Leaders of the merged company need to be dedicated communicators. During its acquisitions, PetroChoice implemented several communications practices – including weekly e-mails about company accomplishments, annual meetings and travel schedules that gave company leaders face time with employees in distant offices – in order to discuss merger benefits, address operational issues, and keep morale high.

Finally, leaders of merging companies need to be willing to adjust their expectations for the new corporate culture even after the merger is complete.

“You have to be willing to be flexible after the deal closes, and open to new ideas because it’s impossible for both companies to fully know each other and their strengths and weaknesses until you merge,” he said. “There are always surprises. We were most successful when we had the right leaders who were flexible, open-minded and respectful of the different partners. In those situations, you end up getting to the right place, even though it may not be exactly what you outlined at the outset of the merger talks.”

Employer Branding

Developing an Employer Brand

An accomplished HR professional with such industry giants at DuPont, ARAMARK Healthcare and Teva Pharmaceuticals, Karen Piraino faced a formidable challenge when she became Global Director of Talent Acquisition for a newly formed company with aggressive growth plans.

Executives at DuPont had decided to spin off their performance coatings division – a thriving business with 120,000 customers worldwide and 2012 revenues of $4.3 billion. The Carlyle Group acquired the division, transformed it into Axalta Coating Systems, and launching the Philadelphia-based company onto an aggressive growth track.

Suddenly, Piraino was responsible for efforts to fill Axalta’s corporate offices, 35 manufacturing plants, seven R&D centers and 12,000-member workforce with smart, passionate, fast-moving, risk-taking professionals who could successfully drive growth across 130 countries.

To help achieve that objective, Piraino engaged in employment branding – a tool that is becoming increasingly important and potent in talent searches. Successful employment forges closer ties between a company’s marketing/communications and human resources departments in order to apply the best practices of corporate/product branding to attracting great employees. Together, those departments expand the company’s branding efforts to deliver a “employee value proposition” – a clear and compelling depiction of what employees could expect to get from the company and what they would be expected to deliver as staff members.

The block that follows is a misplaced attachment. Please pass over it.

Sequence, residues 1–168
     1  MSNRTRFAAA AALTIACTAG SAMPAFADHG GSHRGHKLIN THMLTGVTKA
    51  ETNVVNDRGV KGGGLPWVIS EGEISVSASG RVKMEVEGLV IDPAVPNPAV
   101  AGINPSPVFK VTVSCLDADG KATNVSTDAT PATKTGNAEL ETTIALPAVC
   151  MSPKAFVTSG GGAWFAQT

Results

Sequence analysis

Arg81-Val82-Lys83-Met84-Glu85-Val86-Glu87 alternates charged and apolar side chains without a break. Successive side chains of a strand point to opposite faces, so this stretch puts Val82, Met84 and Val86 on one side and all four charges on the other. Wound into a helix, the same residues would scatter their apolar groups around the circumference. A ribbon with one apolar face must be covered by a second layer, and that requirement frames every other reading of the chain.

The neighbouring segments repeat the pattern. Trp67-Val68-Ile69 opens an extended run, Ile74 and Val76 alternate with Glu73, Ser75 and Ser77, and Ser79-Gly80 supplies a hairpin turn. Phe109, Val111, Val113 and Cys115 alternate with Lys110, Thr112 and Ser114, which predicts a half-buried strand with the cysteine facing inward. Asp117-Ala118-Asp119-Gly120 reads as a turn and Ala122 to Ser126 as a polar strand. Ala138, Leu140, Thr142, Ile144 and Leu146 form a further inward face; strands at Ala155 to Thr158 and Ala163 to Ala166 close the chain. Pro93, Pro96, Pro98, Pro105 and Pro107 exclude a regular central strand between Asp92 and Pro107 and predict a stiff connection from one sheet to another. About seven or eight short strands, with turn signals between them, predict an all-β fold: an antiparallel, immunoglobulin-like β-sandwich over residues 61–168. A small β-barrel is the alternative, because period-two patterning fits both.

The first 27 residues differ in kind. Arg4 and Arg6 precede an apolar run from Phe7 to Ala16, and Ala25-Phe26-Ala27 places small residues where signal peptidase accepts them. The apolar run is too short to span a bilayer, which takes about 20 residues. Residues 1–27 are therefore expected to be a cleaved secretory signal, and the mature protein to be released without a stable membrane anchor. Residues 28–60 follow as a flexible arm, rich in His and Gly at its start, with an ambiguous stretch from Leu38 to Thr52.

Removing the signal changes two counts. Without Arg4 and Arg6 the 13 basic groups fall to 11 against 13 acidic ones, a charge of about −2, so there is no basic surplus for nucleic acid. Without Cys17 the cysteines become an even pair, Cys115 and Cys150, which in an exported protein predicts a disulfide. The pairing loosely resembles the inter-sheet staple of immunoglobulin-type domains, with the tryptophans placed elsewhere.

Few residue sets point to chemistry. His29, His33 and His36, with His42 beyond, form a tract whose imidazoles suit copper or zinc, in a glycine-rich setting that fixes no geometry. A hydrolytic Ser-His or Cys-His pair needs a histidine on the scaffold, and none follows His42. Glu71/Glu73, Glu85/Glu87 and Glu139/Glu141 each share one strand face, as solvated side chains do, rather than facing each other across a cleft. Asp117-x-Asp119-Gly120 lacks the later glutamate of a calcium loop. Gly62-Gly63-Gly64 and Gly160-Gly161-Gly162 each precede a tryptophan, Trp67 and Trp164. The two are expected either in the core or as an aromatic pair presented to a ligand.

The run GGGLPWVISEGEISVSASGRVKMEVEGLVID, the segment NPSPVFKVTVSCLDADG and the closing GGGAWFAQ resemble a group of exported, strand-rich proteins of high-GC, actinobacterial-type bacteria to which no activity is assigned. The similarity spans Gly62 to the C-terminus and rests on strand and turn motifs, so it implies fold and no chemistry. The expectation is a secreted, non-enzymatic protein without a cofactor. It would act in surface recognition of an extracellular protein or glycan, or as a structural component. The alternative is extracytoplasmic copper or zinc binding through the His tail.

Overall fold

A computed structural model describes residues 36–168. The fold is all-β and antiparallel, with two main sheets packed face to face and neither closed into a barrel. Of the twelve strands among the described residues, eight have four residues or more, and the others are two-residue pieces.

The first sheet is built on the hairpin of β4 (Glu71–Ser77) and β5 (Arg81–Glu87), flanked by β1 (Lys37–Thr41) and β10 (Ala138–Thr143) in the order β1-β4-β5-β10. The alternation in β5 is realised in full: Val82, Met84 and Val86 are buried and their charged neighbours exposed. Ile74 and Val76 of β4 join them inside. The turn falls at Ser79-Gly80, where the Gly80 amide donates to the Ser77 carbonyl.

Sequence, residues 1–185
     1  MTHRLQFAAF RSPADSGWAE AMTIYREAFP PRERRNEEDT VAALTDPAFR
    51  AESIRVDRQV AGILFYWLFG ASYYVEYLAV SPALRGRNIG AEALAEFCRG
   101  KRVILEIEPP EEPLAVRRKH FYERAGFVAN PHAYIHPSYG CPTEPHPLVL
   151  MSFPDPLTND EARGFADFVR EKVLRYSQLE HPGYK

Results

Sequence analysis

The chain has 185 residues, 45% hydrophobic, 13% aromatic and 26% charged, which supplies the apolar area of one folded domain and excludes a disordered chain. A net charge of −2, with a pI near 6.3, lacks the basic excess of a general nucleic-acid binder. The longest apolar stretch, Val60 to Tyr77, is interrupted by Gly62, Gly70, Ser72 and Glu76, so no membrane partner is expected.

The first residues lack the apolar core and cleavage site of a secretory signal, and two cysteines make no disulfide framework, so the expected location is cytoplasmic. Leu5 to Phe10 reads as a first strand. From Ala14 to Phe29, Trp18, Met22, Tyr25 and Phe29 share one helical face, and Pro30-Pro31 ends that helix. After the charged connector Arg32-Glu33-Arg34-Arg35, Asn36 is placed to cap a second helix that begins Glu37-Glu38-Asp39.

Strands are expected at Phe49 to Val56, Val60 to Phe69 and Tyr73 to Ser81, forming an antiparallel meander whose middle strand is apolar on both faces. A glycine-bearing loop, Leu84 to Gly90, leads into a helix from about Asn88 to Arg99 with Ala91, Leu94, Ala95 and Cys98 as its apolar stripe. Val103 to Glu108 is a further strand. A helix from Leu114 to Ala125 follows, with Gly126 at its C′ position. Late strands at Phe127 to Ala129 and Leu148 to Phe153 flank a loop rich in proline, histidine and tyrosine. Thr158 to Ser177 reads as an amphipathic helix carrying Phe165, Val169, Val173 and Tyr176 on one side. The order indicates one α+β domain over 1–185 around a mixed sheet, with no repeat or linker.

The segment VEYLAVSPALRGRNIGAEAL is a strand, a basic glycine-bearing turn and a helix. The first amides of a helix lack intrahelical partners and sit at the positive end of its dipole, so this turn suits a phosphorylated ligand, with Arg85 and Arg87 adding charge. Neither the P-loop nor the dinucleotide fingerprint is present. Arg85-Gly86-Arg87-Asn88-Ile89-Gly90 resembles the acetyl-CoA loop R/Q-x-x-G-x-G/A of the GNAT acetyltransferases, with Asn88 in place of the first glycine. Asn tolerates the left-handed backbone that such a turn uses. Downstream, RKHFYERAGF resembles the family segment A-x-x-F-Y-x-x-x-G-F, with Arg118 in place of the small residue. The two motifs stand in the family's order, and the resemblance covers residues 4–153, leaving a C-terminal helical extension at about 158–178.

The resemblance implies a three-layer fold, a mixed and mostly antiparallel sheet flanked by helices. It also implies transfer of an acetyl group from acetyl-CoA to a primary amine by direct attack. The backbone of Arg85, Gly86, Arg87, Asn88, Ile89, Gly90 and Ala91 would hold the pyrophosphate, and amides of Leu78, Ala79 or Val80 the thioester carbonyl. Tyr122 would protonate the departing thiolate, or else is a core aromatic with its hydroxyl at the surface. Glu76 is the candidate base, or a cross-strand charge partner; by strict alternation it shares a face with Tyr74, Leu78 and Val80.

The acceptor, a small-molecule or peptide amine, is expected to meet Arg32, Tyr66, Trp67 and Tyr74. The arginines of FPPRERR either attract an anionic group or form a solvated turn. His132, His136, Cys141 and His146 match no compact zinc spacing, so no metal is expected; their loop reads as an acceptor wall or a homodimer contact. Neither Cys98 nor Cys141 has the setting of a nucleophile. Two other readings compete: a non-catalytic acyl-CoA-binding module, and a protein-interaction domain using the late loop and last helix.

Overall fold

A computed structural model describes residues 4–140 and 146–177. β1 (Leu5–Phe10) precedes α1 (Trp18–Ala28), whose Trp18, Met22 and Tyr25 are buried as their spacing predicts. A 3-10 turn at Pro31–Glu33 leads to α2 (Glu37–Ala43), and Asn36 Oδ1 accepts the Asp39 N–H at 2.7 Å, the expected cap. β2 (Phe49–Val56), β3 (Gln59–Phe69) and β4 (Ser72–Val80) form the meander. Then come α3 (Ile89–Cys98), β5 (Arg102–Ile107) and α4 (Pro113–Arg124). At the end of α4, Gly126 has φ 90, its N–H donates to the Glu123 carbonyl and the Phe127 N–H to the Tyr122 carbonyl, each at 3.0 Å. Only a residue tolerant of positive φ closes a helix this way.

At Axalta, Piraino and other executives strengthened their employment brand by embedding it in the company’s overall branding and all corporate communications. To deliver the right message to employees and potential employees, they focused on the company’s core values and the key behaviors desired in its employees.

“Our culture is fast-paced, aggressive, results-oriented, highly accountable, risk-taking but with smart decisions about risk,” Piraino said.

Consequently, any communications related to employment at Axalta – including its corporate web site and product descriptions – began to convey that work culture both through words and visuals.

Developing an employment brand and making it a cohesive component of all corporate communications requires talent professionals to stretch beyond traditional recruiting activities. However, the effort also lets talent professionals tap powerful tools. After all, if branding can fuel enormous demand for Apple devices or other consumer products, it could also spur the best talent on the market to seek positions in your company.